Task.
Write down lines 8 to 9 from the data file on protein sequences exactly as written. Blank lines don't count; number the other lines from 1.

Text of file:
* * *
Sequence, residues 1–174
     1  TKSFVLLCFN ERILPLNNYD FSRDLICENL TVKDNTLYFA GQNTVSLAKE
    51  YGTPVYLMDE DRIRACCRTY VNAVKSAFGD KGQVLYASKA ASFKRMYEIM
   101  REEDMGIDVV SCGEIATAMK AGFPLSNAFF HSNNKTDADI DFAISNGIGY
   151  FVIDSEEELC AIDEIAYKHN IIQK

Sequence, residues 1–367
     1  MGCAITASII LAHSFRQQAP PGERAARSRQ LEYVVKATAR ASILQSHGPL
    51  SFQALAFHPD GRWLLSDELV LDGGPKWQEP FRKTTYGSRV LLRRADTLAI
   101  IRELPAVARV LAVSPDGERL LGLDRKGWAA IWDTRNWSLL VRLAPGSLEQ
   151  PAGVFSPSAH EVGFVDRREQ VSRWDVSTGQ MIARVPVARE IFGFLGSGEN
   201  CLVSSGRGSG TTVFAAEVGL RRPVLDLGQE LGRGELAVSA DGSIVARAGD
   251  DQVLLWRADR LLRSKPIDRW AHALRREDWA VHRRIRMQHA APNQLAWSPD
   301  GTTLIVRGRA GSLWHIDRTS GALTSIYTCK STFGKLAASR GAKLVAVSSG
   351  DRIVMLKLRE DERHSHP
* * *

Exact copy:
    51  SFQALAFHPD GRWLLSDELV LDGGPKWQEP FRKTTYGSRV LLRRADTLAI
   101  IRELPAVARV LAVSPDGERL LGLDRKGWAA IWDTRNWSLL VRLAPGSLEQ